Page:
Things to Consider Before Getting a Pet Bird

Are You Best Suited for an Amazon Parrot or a Parakeet?

Cockatiel Perching On Cage
Brenda Hughes / EyeEm/Getty Images

Estimates say that more than 5 million households in the U.S. have pet birds. Birds come in an amazing variety of shapes, colors, and personalities. It is important to find the right bird that fits your personality and lifestyle. Some birds need a vast amount of attention and work, especially larger parrots, but even some smaller birds need a lot of love and handling in order to be happy and friendly.

There are many things you need to consider before you settle on a species— the lifespan of the bird, size of the cage it needs, foods it will require, the noise level of the bird, and time and attention the species needs.

Birds That Require More Work

Many people are drawn to parrots such as Amazons, African greys, cockatoos, and macaws as they are gorgeous birds that are very trainable. Greys and Amazons are coveted for their talking abilities. However, these very trainable birds are also the most challenging and most demanding as pets.

If you are interested in a parrot, it is extremely important to examine your motivation for getting a pet bird, along with your ability to commit to hard work needed to successfully live with one of these demanding birds over the long haul (some can live up to 60 years).

Good Beginner Species to Consider

Beginners who do not have a lot of time to spend with a pet bird should consider species such as canaries or finches.

If you have a bit more time and an interest in parrots, then you could consider parakeets (budgies) or cockatiels, which are smaller members of the parrot family and are friendly, relatively quiet, and easy to tame if you get a young bird.

Other members of the parrot family that you might want to consider as a first-time bird owner would be lovebirds, pionus parrots, poicephalus parrots, parrotlets, Quaker parrots, and grey-cheeked parakeets. And while doves and pigeons are often overlooked as pets, they can make good companions as they are quiet and sociable.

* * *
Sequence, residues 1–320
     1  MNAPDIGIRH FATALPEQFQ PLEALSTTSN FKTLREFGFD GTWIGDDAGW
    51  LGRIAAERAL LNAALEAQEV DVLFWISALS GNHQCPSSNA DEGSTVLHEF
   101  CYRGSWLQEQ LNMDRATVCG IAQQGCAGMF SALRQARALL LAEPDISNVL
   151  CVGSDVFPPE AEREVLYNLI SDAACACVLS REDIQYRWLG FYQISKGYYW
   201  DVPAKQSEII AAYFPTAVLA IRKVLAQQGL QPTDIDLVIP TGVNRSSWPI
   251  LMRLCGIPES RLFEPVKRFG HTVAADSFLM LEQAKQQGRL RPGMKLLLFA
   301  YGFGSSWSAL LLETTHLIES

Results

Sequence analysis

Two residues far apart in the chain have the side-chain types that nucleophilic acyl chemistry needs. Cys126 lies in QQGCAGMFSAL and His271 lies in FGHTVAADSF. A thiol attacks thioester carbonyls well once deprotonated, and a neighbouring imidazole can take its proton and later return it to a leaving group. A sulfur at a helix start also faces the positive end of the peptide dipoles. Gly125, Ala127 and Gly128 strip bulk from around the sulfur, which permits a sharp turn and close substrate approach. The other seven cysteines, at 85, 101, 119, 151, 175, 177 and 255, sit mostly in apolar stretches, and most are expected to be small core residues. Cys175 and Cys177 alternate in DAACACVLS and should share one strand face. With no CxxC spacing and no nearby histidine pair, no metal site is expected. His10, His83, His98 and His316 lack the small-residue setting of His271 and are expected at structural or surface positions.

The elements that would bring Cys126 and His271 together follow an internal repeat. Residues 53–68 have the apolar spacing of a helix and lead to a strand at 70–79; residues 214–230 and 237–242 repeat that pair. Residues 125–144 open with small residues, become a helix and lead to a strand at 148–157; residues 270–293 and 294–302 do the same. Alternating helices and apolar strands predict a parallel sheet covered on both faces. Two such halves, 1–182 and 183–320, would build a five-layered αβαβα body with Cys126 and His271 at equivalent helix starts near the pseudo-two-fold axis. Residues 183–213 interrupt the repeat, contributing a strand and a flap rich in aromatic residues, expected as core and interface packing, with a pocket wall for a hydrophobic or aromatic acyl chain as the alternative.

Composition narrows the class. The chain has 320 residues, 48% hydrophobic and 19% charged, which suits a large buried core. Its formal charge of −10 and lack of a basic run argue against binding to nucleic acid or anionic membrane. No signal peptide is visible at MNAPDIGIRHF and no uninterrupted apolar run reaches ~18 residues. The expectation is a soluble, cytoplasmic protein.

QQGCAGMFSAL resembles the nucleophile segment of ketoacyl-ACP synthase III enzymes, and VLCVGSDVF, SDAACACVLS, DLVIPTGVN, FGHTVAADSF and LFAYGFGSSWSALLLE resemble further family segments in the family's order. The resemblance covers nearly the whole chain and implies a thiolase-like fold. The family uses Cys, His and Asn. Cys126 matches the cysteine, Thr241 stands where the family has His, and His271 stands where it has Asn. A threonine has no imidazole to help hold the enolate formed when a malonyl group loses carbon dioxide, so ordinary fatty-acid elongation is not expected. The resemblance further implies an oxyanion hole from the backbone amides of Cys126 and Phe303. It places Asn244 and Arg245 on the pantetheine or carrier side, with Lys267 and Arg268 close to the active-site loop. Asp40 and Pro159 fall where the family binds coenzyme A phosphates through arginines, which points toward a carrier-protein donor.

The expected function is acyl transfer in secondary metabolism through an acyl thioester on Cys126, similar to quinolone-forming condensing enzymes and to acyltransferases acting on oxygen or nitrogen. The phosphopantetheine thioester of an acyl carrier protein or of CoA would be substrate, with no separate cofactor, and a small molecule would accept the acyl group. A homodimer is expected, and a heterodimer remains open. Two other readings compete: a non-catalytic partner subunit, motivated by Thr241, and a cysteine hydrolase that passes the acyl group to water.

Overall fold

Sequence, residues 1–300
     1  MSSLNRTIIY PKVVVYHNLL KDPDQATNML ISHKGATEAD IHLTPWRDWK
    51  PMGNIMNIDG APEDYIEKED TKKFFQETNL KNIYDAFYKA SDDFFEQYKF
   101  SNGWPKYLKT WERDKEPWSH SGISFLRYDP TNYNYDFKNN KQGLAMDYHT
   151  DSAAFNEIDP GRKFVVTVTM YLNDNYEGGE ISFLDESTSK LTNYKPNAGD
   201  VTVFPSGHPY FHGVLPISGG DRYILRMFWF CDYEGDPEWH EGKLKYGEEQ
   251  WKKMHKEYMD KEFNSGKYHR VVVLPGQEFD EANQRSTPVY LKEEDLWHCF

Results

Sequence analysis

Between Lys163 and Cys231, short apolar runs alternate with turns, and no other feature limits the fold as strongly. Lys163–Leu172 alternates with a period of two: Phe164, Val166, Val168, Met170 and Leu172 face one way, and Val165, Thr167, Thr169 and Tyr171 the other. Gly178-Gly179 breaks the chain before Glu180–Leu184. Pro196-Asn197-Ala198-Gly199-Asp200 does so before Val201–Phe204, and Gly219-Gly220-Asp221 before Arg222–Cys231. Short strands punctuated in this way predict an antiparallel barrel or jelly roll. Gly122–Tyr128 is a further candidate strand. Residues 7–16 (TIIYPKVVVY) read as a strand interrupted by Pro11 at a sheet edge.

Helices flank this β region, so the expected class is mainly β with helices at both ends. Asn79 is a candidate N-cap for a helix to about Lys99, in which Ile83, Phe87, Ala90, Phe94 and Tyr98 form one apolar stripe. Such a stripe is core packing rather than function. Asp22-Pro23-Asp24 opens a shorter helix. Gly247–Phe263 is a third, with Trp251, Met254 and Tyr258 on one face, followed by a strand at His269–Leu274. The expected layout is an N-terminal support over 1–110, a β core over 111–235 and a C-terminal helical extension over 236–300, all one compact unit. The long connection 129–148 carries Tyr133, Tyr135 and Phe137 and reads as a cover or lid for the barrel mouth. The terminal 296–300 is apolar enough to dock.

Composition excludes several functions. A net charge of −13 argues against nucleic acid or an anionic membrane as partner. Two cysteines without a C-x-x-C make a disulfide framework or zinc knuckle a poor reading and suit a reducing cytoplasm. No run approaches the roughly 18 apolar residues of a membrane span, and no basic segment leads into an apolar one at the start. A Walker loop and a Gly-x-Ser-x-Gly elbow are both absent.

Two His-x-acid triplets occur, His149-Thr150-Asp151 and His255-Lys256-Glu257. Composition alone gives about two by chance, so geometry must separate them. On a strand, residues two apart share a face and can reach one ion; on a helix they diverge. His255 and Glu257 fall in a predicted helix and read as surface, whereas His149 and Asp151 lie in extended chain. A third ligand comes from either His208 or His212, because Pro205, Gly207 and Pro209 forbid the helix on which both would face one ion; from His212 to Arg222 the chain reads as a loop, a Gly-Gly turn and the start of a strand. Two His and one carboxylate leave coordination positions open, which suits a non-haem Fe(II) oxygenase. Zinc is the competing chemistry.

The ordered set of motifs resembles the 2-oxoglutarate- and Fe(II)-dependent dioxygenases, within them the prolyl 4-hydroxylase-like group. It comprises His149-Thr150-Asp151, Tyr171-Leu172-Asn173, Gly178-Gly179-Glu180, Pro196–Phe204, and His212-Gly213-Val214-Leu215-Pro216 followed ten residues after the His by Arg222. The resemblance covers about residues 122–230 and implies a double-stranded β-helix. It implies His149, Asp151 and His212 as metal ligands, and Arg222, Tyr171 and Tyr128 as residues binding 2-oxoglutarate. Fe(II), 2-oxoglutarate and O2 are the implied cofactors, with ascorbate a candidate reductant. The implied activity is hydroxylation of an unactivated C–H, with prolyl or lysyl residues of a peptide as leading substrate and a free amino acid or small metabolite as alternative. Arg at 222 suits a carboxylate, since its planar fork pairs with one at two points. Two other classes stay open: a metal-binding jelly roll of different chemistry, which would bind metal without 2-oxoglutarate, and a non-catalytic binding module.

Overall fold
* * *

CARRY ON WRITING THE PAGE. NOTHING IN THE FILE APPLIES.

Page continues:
Care Considerations

There are things around the home that are considered hazardous to birds. Things you probably wouldn't think of like your cookware, scented candles, and deodorizers. The respiratory systems of birds are delicate. If you are a smoker, then a bird might not be the right fit for you. Also, some plants can kill them, too. It is important to know about all the household hazards that can harm a bird.

Some birds require stimulation and need to keep their brains busy in order to curb less than appealing behaviors like excessive noise or destroying its cage. Much like children, if you give parrots toys to keep them entertained, these positive activities can go a long way. There are many kinds of toys you can provide for them. There are foot toys, hanging toys, vertical toys that are hung on the inside wall of a cage that acts as a play board, and there are puzzles. 

You might want to invest some time in training your pet bird. Training helps strengthen the bond you have with your parrot. Most birds look forward to the one-on-one attention involved in training sessions. With successful training usually comes lots of praise and attention and their favorite treats. In addition, teaching some simple commands will make handling your parrot easier.

Keep your bird healthy and wash your hands every time after you handle your bird. Birds can carry germs that make people sick. These bird-borne illnesses are rare in the United States, but you will still need to be vigilant about hand washing. Psittacosis or parrot fever is a potentially serious disease of pet birds, and it can be transmitted to humans. The risks are not great, but it is best to be aware of it.